Either way, you get the sense that this is where Humankind does the most of its chin-stroking about how the people of Earth organise themselves, how they do – or ought to – behave. The game itself is fundamentally and purposefully detached. This is because its win condition is still Fame, a numerical score awarded for achieving certain feats during each Era. The person with the most Fame at the end of the game wins, always, and so, not to get all Kant on you, that means the scientific, or militaristic, or ideological achievements of your civilization are all a means to an end, rather than ends in themselves.
It’s only the principle, I think, that makes me a little wary of it as a system, because while it’s conceptually a little simple, in gameplay terms it works quite nicely. A feat, like destroying three enemy units in battle, grants you an era star, like a good little student of war, and an era star grants you some Fame score. Your progression to the next era, like Classical or Industrial, is gated by a certain required number of stars, but you can choose to stay in your current era and hoover up more stars – more Fame – if you like.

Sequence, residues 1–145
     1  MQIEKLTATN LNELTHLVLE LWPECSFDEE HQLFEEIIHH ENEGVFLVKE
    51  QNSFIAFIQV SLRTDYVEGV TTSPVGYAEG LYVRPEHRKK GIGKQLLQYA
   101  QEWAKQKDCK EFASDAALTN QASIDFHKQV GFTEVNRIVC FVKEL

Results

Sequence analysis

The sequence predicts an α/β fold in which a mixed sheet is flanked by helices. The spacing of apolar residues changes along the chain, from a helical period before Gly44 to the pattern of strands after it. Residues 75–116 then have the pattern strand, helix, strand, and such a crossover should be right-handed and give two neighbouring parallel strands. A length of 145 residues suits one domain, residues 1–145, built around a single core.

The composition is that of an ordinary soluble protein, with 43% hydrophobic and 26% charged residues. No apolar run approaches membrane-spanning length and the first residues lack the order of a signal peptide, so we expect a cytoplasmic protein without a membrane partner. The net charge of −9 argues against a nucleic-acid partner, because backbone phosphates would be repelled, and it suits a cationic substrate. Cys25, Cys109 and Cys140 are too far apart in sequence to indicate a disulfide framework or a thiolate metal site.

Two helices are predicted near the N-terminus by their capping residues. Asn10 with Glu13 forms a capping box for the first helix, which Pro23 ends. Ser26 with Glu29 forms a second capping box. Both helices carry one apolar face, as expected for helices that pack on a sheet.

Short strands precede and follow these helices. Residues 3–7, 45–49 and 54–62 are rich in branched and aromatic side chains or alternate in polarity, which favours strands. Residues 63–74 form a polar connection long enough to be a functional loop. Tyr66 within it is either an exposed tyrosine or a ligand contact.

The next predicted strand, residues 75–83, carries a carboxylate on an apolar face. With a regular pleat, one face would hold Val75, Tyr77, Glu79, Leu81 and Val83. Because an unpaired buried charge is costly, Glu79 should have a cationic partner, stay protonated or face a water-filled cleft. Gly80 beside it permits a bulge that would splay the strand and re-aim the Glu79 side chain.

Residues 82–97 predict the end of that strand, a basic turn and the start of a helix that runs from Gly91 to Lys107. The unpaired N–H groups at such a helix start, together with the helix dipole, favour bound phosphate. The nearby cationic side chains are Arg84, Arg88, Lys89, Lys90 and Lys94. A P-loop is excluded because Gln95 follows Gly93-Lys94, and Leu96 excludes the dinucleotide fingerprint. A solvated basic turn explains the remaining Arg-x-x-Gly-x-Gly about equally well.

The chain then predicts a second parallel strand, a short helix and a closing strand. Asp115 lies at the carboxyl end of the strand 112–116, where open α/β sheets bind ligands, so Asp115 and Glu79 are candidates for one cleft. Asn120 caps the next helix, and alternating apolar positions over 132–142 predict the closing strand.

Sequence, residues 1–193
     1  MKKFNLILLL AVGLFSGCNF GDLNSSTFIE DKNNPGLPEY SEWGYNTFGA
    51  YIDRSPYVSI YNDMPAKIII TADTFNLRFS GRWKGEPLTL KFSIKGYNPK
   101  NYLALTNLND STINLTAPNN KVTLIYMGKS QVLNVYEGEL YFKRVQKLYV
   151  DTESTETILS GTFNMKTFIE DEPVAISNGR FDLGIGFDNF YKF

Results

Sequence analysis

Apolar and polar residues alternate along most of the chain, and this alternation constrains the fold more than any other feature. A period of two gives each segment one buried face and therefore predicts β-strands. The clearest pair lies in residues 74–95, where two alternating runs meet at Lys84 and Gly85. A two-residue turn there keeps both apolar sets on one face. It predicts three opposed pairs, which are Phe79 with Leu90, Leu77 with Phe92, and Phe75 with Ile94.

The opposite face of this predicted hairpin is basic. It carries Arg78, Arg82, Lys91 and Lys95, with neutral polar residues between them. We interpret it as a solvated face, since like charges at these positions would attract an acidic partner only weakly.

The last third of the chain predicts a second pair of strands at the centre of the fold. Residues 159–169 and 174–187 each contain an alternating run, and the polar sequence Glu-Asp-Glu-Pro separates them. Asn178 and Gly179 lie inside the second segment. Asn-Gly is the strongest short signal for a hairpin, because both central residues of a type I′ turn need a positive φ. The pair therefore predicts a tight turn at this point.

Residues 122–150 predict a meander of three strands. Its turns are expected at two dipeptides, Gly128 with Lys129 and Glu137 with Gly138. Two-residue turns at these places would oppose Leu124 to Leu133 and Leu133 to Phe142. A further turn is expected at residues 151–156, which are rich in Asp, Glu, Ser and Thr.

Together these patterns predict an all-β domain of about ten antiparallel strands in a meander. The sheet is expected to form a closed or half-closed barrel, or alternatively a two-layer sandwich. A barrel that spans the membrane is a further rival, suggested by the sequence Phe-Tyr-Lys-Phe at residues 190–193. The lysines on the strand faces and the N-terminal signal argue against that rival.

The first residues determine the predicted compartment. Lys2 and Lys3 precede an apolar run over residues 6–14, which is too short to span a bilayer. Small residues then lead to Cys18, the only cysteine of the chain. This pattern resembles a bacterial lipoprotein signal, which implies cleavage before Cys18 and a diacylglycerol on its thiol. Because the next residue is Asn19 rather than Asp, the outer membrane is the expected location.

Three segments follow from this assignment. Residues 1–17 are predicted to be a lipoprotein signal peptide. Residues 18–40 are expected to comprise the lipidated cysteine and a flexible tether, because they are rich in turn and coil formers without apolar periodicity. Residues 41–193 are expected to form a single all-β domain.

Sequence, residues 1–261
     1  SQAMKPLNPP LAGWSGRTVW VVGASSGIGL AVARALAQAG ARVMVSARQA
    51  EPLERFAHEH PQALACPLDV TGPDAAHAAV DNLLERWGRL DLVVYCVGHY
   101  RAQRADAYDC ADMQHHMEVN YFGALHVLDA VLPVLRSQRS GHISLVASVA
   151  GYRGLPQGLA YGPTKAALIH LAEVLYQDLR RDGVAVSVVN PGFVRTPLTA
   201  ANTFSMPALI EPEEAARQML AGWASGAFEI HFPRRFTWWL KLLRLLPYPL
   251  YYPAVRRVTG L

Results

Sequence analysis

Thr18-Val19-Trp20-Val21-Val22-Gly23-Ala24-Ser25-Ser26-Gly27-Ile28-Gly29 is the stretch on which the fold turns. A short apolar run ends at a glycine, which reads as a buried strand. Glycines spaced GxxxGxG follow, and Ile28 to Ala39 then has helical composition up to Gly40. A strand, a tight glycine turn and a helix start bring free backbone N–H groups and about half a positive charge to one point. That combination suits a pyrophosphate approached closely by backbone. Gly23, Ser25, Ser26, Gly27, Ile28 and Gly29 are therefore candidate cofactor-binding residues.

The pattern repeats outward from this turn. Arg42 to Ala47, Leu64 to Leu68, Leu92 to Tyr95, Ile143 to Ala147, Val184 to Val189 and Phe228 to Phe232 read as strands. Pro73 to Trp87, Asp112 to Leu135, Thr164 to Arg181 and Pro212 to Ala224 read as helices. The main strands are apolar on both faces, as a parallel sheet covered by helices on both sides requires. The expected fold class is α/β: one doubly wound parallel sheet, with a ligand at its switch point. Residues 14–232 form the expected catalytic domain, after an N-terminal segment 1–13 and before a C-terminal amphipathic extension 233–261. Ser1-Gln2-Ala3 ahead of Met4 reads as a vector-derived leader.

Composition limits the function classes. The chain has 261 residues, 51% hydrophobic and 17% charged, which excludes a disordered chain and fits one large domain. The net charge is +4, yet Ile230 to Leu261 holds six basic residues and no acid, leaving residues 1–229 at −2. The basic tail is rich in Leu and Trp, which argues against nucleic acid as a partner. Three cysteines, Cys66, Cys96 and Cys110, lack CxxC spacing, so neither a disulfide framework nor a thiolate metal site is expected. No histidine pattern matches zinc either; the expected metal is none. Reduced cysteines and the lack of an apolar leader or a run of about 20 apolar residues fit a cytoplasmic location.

The risk there is that Humankind has a flexible approach to civilizations and cultures: when you move through eras you choose a new culture to adopt – basically a playstyle, like the expansion-oriented Assyrians, building-first Egyptians, and so on – and once one’s been adopted by one player it can’t be chosen by anyone else, so by waiting in an earlier era you could miss out on a favourite.
“Humankind is a game full of systems and empty space. The things to think about, deeply and lengthily, and the time to do the thinking.”